Technology Planning
Presented at the Boston 501 Tech Club
Gavin Murphy
Chief Operating Officer
Annkissam

1. What is Tech Planning?

  • “Technology” can means lots of things, from office wiring and networks to social networking and RFID chips.
  • Today we will focus on concepts of technology planning that should be universally applicable to whatever planning you need to do.
  • One key concept is recognizing that most decisions involve trade-offs; there is rarely a “right” option, rather different options will present different trade-offs (upfront cost, ongoing cost, quality, time, other resources or risks, etc.).
  • At the end we’ll talk about some resources that are available for people that are interested in exploring more specific topics, and we’ll also have a short Q&A session.

2. Strategic Alignment

“Plans are worthless. Planning is essential.”  – Dwight D. Eisenhower, general and president (1890-1961)

  • Technology strategy (and planning) should support organization strategy.
  • Show of hands: how many people are part of an organization that has a strategy (and you know what it is, on some level)?
  • How many people’s organizations have a technology strategy (and you know what it is, on some level)?
  • If you don’t have an organizational strategy, that’s a bigger issue!  And, frankly, one that should be addressed first.

3. Why Plan?

“It is not the strongest of the species that survive, not the most intelligent, but the one most responsive to change.” – Charles Darwin, scientist

  • Planning will help you be more adaptable to change.
  • The act of planning will force you to think through the resources you have to commit to the process (both time and money) and tradeoffs that different options represent.
  • The executive leadership needs to be involved in the planning process to some degree, although other staff or by someone from outside the organization can manage the process.
  • Even if your plans change, the act of planning will get people engaged in the options and will help to avoid “shiny object syndrome”.  Ultimately, planning will help you respond to both expected and unexpected changes to your organization or environment.

4. Planning is a Process!

  • It’s not an event, or even a single project (although there could be a project to kick it off or reevaluate things).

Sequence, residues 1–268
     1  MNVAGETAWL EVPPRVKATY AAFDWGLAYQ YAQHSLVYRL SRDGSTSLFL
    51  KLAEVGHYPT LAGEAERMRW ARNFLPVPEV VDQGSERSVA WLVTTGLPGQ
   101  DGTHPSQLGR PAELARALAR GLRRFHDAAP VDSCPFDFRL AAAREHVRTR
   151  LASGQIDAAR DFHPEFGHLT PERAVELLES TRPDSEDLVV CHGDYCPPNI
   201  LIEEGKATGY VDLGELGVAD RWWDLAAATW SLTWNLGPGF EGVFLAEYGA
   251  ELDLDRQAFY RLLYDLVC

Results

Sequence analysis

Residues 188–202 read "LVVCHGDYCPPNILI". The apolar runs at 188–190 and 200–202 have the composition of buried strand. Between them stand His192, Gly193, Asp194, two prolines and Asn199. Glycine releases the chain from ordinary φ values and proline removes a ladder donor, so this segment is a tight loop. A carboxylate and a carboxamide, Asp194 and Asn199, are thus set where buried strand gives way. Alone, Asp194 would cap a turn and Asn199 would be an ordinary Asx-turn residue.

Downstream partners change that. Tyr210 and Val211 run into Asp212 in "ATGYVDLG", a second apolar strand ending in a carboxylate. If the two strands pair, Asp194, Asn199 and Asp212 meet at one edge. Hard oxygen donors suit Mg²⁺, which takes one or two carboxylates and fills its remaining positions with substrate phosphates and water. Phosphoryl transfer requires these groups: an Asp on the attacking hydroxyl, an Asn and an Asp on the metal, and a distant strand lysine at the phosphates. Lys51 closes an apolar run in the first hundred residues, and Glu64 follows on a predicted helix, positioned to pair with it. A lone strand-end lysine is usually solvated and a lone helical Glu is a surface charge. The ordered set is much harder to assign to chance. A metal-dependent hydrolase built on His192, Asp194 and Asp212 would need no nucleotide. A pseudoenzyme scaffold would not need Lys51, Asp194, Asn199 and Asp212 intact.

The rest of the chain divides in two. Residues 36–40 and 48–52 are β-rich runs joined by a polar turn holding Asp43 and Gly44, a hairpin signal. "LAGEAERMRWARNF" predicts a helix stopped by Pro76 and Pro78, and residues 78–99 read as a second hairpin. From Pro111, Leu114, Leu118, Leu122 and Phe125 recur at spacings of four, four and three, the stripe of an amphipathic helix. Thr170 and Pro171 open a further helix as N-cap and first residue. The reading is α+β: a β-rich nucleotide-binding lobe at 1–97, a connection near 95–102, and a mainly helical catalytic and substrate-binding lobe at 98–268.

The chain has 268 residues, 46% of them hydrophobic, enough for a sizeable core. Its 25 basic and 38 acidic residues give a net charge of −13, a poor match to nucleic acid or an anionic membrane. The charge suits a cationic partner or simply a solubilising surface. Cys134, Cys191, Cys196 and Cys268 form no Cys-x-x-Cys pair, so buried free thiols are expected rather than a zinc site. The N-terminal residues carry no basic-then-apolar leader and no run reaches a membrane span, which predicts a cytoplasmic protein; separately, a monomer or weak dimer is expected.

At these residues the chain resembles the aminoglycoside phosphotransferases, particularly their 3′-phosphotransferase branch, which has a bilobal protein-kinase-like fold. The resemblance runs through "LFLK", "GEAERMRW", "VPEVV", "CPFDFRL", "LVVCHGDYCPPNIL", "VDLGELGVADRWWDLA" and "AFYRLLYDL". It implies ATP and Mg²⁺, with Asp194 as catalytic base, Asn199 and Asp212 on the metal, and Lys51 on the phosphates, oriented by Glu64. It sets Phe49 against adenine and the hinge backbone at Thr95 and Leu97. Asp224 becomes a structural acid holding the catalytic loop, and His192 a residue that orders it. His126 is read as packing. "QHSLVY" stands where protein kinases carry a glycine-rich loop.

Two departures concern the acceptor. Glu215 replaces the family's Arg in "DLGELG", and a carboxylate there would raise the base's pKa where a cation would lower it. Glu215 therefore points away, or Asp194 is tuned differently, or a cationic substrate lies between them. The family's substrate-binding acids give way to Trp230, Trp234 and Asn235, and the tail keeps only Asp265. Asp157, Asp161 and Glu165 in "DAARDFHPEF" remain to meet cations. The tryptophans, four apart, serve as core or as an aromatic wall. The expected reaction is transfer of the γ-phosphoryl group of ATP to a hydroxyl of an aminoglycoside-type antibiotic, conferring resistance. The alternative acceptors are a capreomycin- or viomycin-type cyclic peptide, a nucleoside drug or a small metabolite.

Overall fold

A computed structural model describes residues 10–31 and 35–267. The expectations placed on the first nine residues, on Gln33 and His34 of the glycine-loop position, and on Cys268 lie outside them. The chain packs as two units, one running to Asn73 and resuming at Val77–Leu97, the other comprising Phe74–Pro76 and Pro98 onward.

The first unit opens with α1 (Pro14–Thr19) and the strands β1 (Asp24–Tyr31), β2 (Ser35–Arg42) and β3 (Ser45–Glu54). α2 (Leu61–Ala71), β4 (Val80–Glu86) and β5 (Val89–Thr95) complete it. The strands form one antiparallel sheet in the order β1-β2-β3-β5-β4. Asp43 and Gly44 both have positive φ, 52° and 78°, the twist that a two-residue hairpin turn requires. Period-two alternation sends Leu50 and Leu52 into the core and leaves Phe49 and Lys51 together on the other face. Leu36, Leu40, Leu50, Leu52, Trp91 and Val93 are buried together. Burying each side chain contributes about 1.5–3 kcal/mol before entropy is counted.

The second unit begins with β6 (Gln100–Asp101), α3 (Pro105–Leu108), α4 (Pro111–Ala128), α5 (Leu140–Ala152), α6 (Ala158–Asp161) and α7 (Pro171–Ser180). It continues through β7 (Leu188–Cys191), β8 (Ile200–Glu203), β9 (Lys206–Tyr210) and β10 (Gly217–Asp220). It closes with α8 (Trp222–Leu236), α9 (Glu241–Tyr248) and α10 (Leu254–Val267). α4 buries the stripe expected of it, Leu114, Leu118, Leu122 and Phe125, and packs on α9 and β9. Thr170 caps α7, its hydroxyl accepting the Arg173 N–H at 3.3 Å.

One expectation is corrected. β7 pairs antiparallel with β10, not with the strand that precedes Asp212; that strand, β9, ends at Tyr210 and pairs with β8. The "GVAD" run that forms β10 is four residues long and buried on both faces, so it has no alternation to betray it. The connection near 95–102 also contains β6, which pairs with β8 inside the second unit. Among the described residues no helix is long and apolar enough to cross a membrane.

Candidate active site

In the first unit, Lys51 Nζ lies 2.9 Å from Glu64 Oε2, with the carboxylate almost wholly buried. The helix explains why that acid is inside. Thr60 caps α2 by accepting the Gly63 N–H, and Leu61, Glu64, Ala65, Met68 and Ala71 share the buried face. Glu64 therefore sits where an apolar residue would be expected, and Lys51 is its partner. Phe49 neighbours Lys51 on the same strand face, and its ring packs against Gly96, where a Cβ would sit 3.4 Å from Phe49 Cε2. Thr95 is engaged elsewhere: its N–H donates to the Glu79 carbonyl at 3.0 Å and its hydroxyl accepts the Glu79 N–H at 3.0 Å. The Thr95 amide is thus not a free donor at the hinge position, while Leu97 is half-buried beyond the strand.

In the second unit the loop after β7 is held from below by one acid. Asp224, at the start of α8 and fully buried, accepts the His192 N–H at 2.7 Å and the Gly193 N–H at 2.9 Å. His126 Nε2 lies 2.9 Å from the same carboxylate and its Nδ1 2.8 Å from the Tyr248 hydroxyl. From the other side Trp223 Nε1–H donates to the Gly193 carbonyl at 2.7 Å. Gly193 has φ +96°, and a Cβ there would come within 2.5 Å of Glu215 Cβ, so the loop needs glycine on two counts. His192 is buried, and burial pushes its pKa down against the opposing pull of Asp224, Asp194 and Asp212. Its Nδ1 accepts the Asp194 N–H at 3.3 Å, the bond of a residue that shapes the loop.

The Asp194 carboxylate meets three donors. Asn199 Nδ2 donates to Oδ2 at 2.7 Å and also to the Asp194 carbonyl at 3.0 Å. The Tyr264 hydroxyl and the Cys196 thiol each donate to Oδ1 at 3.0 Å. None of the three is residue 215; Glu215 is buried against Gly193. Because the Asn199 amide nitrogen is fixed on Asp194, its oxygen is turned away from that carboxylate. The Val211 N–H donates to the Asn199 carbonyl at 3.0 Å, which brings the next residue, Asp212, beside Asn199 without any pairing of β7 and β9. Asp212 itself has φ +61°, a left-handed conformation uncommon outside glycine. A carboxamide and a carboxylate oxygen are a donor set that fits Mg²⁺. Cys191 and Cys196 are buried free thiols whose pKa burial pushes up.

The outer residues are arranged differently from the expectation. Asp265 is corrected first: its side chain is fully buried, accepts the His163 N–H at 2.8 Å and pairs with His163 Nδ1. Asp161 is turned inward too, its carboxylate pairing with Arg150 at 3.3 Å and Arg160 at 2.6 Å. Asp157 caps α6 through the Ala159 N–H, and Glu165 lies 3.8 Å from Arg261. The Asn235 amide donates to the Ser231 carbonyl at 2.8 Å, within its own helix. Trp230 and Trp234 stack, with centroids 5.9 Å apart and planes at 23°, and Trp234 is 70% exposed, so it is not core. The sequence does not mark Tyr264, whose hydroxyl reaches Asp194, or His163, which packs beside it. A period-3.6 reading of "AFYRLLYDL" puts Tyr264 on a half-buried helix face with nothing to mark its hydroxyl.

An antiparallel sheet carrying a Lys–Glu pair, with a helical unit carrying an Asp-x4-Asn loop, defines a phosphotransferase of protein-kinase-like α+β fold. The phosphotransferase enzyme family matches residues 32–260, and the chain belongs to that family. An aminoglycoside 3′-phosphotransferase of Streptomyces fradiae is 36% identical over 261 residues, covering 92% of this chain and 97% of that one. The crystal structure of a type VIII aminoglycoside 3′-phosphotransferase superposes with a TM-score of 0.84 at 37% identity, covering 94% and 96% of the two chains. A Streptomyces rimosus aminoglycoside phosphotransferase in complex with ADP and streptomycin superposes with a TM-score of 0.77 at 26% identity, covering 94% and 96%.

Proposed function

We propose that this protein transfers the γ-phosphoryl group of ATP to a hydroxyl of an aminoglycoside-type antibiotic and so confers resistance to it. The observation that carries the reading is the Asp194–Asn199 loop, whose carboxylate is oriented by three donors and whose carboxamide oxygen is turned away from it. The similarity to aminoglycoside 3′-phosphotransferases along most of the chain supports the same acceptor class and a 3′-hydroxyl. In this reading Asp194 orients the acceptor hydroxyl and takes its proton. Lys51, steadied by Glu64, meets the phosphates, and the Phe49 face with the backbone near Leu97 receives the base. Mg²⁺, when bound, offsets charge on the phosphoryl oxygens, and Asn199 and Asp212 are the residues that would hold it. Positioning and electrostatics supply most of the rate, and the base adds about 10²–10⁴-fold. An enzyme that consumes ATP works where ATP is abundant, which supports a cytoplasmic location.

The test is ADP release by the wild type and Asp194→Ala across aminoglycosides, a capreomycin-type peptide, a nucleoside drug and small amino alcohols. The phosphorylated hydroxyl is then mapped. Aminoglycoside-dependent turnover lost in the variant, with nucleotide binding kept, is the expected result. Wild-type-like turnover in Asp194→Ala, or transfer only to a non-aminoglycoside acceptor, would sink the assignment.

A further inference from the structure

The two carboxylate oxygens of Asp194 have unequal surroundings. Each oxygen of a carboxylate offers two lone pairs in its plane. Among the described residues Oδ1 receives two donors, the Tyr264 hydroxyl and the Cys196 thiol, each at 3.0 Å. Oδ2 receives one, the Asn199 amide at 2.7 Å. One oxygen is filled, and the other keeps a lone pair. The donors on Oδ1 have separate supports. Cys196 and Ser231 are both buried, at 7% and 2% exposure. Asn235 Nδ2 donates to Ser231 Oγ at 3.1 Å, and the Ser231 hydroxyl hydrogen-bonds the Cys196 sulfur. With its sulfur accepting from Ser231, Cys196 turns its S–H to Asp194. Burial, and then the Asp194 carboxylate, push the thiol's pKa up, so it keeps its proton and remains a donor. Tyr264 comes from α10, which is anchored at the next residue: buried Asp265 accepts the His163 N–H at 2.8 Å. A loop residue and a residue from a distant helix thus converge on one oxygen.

• Similarly, planning can produce documents that are quite helpful, but only to the extent those documents are used to guide the decisions of the organization.
  • It’s important to budget time and resources to technology planning and implementation, just as you would dedicate ongoing resources to other critical aspects of your organization.
  • One potential trap is committing to an ongoing technology obligation without anticipating the resources it will take to maintain; for example, maintaining your own servers or establishing a social media presence.
  • It’s possible that technology is not a critical part of your organization, and that’s fine too as long as you are engaging in the process of evaluating tradeoffs to come to that conclusion.

5. Importance of metrics and measurements

  • Once you have decided on a strategy, the next thing is to think about is how to measure your progress.
  • Metrics are one way to make sure your technology strategy is closely aligned to your organizational strategy.
  • For example, if data security is a concern, you might track the percentage of your computers that have AV or disk encryption installed; if outreach is an organizational imperative then perhaps Twitter followers or Facebook friends might be a better metric.
  • Metrics should be as quantitative as possible, to minimize the risk that people will make subjective judgments and obscure the true picture of how things are going.

6. Need to set goals and track success (or failure)

  • Once you have chosen your metrics, you should set goals for those metrics and track your progress over a preset time period which should be long enough to judge results but short enough to preserve momentum.
  • If you succeed in achieving your goals–great! Adjust your goals for the next time period to be a little more challenging and keep trying to meet them. It’s important to avoid “autopilot” goals that are too easy to meet and never adjust up.
  • If you don’t meet your goals, that’s ok too. Now you have valuable information and you can either adjust your plan, your metrics, your goals, or the resources you are applying to technology. After a few cycles you should be able to find the right balance and establish a pattern of success.

7. Things went wrong?!

“Everyone has a plan – until they get punched in the face.” – Mike Tyson, Boxer

  • If things go wrong, that’s ok! That’s all part of the process.
  • The benefit of having a plan is that at least you will know when things are going wrong, which is always preferable (even if nothing can be done about it in the short run) to finding out everything has already gone wrong in the past and now things are in crisis.

8. Resources

“Those who plan do better than those who do not plan even though they rarely stick to their plan.” – Winston Churchill, British Prime Minister

%d bloggers like this: